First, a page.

by Peggy Hahn, Executive Director, LEAD
Branding Your Church
At the very heart of the Christian faith, there is a cross. It expresses our deepest fears, our pain, betrayal, abandonment, and death. Yet the cross is also a symbol of humanity’s greatest hope – that life does rise from death and that God is trustworthy.
It can be tempting to update our symbols. It boils down to how we will answer this question:
“Who do you say I am?” Mark 8:27-30, 34-35
Hear this as a word of grounding. We can remind ourselves and a hurting world, that we do not suffer alone. We cannot heal alone. This is a counter-cultural statement in an individualized, self-protecting universe.
The shadow of the cross falls over the entire New Testament, just as it falls over us.
Christians have lived through times of great suffering and atrocities in the past, hanging on to the cross of hope as a lifeline.
Take a moment to reflect on The Subversive Cross in El Salvador.
A simple wooden cross, painted white, was placed at the front of the church. Congregation members, mostly youth, came up to the cross, took a black marker, and wrote the sins on the cross, such as persecution of the church, hunger, discrimination against women, ambition for power, murder and violence. As they identified the sins of their country and their people, they also committed themselves to work toward forgiveness, and to be strengthened for liberation. The cross also carries messages of hope and love, as a testimony to the transforming power of God. After the reconciliation service, the cross remained as a symbol within the church.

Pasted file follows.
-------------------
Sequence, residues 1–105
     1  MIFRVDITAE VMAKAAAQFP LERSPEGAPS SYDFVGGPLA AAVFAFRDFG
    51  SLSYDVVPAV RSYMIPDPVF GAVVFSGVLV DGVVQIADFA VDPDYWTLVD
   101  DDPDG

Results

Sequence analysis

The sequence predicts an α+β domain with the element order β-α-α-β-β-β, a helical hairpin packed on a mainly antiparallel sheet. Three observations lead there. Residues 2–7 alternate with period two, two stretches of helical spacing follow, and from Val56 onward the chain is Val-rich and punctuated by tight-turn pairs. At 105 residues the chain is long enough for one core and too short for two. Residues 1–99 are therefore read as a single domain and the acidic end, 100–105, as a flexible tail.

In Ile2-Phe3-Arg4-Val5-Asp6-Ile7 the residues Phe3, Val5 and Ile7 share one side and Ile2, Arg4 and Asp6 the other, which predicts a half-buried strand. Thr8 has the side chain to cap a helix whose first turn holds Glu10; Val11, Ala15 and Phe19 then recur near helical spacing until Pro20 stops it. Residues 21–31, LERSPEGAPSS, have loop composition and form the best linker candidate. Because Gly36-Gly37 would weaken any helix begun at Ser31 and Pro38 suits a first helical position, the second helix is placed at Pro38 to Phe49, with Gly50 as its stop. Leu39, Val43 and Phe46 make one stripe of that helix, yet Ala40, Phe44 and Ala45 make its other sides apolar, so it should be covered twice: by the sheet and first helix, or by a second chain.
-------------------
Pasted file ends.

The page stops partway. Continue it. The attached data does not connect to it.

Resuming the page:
On the same day when the six Jesuit priests were murdered by elite Salvadoran troops, soldiers arrived at Resurrection Church looking for Bishop Gomez. Their search did not find Bishop Gomez, but they did find that simple white cross. Rather than capturing the bishop, the troops arrested 15 people, and took possession of the cross and took it away to the army compound. Presumably the soldiers thought this cross was evidence of the subversive activity going on in the Lutheran church.
The church was deemed to be subversives by the government for siding with the poor and doing such radical things as operating a refugee camp for families fleeing the armed conflict, or for teaching the poor that they were entitled to equal human rights with the rich and powerful. Learn more here.
And reflect on The Hill of Crosses.
In the country of Lithuania, there is a pilgrimage site called the Hill of the Crosses. Here, over 100,000 crosses of all sizes and descriptions, are spiked into its sacred ground. Pilgrims come to this hill from every corner of the country, carrying their crosses, desiring to leave a memorial to their pain, to express a heart-felt need, or to offer thanks for a recent blessing. Some hold pictures of loved ones who have died during the Nazi occupation, who were deported to Siberia, or who suffered and died under the sign of the cross.
Bulldozed over and over, the Hill of Crosses is a bold powerful symbol of resistance to oppression, an enduring sign of strength and hope. Learn more here.
Now, reflect on the cross from your congregation.
Branding is not a logo. It is a way of being. A culture that is being shaped within the struggles of depression, pandemic, addiction, abuse, hunger, and poverty that brings hope that can only come through God’s trustworthy love.
This is our brand of Christianity. It is our daily pilgrimage.